‘Legen–wait for it–dary’

Adventurous and inventive, the cheesy-looking How I Met Your Mother redefined what a sitcom can be

Photo illustration by Sarah MacKinnon/Shutterstock

Photo illustration by Sarah MacKinnon/Shutterstock

When How I Met Your Mother premiered in 2005, some people thought it would be a good sitcom, but virtually no one thought it was going to be an important one. It seemed like another Friends-inspired show about young white people in New York, with a cute gimmick to set it apart: The story is told in flashback by the hero’s older self. But, as the CBS show nears its series finale, airing in Canada on City on March 31, it’s becoming clear that it was something more. The tale of Ted (Josh Radnor) and his search for the woman of his dreams, supported by his circle of friends (Jason Segel, Alyson Hannigan, Neil Patrick Harris and Canadian actress Cobie Smulders) came along when sitcoms seemed dead, and it’s going out when there are still few popular ones. In between, How I Met Your Mother showed how to do new things with the traditional sitcom format—and to appeal to viewers who might never watch a sitcom otherwise.

The creators of the show, Carter Bays and Craig Thomas, didn’t intend to shake up the sitcom format. They just wrote a pilot script that happened to have a lot of scenes in it— and, once they were finished, they realized there were simply too many scenes for the show to be shot in the time-honoured way, in front of an audience on a few standing sets. “Our scripts were simply too ambitious to shoot in one night in front of a crowd,” Bays says. Thomas estimated to writer Dylan Callaghan that they had more than 1,300 scenes in the first season and a half of the series alone.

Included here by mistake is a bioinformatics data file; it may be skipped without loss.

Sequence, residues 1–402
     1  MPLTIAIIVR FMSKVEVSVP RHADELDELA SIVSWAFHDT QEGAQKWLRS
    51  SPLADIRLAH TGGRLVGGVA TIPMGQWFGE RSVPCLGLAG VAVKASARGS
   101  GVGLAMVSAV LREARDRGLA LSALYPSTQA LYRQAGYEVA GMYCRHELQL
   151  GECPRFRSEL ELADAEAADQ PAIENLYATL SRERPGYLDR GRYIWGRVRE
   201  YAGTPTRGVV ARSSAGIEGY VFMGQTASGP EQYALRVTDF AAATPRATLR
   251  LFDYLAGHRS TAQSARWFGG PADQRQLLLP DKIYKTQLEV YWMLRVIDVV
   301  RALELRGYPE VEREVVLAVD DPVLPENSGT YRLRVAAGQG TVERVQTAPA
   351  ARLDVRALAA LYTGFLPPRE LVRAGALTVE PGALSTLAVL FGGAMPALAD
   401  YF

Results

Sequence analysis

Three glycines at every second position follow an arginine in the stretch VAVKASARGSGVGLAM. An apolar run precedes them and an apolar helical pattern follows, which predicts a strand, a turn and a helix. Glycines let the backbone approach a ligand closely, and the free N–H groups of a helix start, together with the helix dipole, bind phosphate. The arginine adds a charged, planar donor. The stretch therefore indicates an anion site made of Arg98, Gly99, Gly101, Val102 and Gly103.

The creators and the show’s director, Pamela Fryman, came up with a method that would allow them to have dozens of short scenes while still using the brightly lit, multiple-camera sitcom approach. They shot without an audience, but got actors to play as if the non-existent audience were there. The show that resulted was something new: a combination of the broad, hammy style of the audience sitcom and the subtler style of the more acclaimed—but less popular—single-camera sitcom. “We get to decide, on a scene-to-scene, moment-to-moment basis, whether we’re a broad comedy or a nuanced chamber piece,” Bays explains. “Also, when you have an audience, you start putting too many penis jokes in the show, because those always get the huge laughs. We do enough penis jokes already without an audience egging us on.”

Along with that shooting style came an approach to storytelling that had sometimes been seen on U.K. sitcoms (Bays cites Steven Moffat’s Coupling as an influence) but rarely in North America. Most sitcoms told linear stories; even Arrested Development mostly had straightforward plots with a few flashbacks mixed in. But because the action of How I Met Your Mother took place in Ted’s memory, the writers were able to play games with chronology that previous U.S. sitcoms had only done in gimmick episodes.

“We got really interested in trying to translate how you verbally tell a story into a visual experience,” Bays says. “When you tell a story, you throw in asides, you back up to correct a detail you got wrong, you remember halfway through that the real story behind the story was actually something that happened yesterday, etc.” As Ted told his story, sometimes a scene would turn out not to have happened at all, followed by another scene showing us what really happened. Most episodes featured multiple flashbacks or flash-forwards within flashbacks.

Not only did the creators try to attract an audience that could follow this type of storytelling; they also targeted the place where that audience lived: the Internet. Before comedy shows started scrambling to create viral videos, How I Met Your Mother spun off a YouTube hit in a music video, Let’s Go to the Mall, which purported to be a ’90s pop hit sung by Robin (Smulders) when she was a teen star in Canada. The video was only shown in part on the show, but the full version—including a cameo by an actor playing a dancing Brian Mulroney—was released online.